It requires a lot of discipline for the people of Sudan who always see that sacrifices are difficult. Sometimes, it seems impossible to bring their dreams of change into reality. Yes, it takes a lot of tolerance, honesty and compromises. My sisters from the north have to think critically and talk honestly to themselves about what it will take for the Sudanese people to build a nation that can accommodate everyone regardless of their differences. I apologize to my sisters from the South for bringing back the bad memories but honestly I meant to recognize that had it not been for your sacrifices, this vote would not be possible!!! It's for this reason that I remind all of us, particularly my sisters from the North, that change will not come by writing poems, but by determination, endurance, honesty, tolerance and hard work. If we believe in it, we will no longer be ruled by dictators any more.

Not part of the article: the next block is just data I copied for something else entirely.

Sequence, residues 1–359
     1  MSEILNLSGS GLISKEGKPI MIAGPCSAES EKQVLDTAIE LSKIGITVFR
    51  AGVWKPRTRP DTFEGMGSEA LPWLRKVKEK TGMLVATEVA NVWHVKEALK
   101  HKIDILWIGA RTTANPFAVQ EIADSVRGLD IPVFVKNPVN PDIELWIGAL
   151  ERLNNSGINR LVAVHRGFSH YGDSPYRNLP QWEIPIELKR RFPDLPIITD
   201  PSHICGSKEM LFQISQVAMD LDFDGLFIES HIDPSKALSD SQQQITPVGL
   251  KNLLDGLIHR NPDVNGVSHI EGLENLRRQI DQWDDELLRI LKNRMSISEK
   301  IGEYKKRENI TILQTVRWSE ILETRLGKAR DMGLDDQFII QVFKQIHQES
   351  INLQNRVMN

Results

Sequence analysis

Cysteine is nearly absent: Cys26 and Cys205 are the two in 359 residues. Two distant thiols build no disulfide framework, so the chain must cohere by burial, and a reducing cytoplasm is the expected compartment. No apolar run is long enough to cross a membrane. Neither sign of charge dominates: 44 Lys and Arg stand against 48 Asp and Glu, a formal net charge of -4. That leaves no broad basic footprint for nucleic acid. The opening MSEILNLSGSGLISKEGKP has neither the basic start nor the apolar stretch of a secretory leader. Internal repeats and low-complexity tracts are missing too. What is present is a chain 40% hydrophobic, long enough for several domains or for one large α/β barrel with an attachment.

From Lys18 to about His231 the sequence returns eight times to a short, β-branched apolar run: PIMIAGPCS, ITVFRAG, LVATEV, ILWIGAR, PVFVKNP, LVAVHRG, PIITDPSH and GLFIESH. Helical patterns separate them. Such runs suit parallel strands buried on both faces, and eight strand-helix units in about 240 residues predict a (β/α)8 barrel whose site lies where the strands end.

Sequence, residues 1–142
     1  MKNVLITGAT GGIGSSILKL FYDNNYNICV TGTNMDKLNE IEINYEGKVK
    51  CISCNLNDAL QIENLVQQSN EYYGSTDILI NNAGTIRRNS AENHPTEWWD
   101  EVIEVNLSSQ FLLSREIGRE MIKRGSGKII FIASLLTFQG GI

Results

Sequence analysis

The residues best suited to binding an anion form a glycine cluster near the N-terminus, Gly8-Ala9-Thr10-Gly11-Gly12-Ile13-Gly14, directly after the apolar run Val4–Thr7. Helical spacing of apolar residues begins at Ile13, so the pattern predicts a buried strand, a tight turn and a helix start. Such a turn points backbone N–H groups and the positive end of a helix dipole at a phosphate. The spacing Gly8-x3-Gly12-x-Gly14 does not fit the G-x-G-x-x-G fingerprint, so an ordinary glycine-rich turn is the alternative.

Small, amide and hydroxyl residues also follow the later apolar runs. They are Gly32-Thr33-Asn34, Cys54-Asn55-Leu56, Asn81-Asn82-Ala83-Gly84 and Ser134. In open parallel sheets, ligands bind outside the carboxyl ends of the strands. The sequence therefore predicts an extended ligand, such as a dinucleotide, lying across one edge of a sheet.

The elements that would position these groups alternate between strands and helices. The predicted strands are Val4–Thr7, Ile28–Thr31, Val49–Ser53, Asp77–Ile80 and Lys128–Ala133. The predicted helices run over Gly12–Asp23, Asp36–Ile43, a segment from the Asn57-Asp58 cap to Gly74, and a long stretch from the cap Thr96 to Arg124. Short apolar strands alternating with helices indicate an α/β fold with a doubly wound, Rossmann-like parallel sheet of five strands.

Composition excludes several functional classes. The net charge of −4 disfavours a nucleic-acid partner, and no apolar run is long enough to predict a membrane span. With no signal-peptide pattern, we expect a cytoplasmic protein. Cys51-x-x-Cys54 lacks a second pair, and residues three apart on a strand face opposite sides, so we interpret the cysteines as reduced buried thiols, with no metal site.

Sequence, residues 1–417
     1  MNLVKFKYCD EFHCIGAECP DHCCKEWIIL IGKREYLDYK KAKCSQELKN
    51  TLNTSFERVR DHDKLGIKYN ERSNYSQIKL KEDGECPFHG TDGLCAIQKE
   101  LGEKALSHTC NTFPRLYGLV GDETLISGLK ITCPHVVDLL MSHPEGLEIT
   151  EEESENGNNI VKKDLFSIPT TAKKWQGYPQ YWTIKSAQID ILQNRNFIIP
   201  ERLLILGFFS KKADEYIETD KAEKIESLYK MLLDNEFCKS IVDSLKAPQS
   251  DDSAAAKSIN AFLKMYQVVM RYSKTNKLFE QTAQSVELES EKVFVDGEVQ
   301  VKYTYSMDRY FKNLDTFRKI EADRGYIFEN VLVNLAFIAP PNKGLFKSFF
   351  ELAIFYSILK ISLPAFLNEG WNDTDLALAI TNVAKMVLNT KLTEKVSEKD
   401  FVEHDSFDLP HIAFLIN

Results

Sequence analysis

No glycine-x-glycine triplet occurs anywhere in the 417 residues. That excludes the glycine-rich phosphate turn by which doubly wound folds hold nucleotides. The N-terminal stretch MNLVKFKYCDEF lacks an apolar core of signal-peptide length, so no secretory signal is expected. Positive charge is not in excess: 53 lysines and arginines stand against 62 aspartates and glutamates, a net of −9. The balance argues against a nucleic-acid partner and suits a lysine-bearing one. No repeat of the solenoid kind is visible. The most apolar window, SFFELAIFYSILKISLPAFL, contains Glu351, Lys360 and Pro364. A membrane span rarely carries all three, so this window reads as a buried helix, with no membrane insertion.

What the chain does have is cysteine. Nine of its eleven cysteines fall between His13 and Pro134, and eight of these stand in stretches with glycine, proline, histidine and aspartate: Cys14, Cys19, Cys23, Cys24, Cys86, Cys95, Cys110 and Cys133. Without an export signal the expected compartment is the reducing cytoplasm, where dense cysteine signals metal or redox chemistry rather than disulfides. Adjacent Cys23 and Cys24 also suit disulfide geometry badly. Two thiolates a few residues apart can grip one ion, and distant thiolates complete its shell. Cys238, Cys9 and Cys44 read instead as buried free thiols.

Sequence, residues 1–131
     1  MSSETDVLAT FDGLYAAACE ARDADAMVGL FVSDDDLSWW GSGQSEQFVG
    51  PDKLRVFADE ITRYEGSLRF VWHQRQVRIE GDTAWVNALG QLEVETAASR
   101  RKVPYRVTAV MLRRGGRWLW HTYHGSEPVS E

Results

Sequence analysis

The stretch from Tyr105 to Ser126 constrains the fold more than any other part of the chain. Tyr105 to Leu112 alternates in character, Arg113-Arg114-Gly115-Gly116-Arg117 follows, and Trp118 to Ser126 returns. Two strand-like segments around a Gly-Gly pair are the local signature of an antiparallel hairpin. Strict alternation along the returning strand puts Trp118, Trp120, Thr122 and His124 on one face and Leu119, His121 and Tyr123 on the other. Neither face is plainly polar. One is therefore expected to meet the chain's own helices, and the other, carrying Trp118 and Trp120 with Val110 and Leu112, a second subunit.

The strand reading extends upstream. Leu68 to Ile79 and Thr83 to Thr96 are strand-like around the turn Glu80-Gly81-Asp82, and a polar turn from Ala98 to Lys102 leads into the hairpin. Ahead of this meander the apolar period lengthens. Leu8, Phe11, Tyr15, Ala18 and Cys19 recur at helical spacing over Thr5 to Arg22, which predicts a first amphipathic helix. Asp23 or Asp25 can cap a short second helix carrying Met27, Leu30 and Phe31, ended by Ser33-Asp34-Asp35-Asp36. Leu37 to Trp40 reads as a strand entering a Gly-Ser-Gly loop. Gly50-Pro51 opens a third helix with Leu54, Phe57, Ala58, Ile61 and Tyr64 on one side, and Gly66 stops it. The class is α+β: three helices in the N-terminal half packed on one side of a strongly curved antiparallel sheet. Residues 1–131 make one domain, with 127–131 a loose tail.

Despite the ongoing suffering in Darfur, I am so happy and optimistic with the result of the South Sudan referendum. It means a lot to me. At least some Sudanese people are marching confidently toward their freedom. And as long as the people of Darfur keep their feet to the fire, for sure one day they will walk msk_niemat.jpgthe walk and talk the talk either in the context of an old Sudan with equal rights for all or by creating a new Sudan of their own context. I hope and will pray that Abyei will follow and we will continue our struggle to create the Sudan of our ambition. 

Please extend my congratulations to all. Long live women, men and the children of the Southmsk_niemat_sign.jpg and the dignified Sudanese people everywhere. 


Independence Day Blues—Nada Mustafa Ali, Dongula, Northern Sudan

Nada is a visiting research scholar at the Department of African and African American Studies at Fordham University. She is the author of US Institute for Peace's forthcoming special report on Gender and State-building in South Sudan; and an upcoming chapter on women and HIV/AIDS in South Sudan for the Institute for Justice and Reconciliation.